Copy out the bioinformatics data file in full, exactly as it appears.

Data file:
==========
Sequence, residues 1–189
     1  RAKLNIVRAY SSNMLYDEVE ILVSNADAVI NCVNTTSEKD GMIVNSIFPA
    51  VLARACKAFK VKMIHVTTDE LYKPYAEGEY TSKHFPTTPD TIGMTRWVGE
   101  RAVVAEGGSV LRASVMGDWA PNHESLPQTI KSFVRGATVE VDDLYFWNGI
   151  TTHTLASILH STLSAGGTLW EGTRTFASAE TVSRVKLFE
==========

Sequence, residues 1–189
     1  RAKLNIVRAY SSNMLYDEVE ILVSNADAVI NCVNTTSEKD GMIVNSIFPA
    51  VLARACKAFK VKMIHVTTDE LYKPYAEGEY TSKHFPTTPD TIGMTRWVGE
   101  RAVVAEGGSV LRASVMGDWA PNHESLPQTI KSFVRGATVE VDDLYFWNGI
   151  TTHTLASILH STLSAGGTLW EGTRTFASAE TVSRVKLFE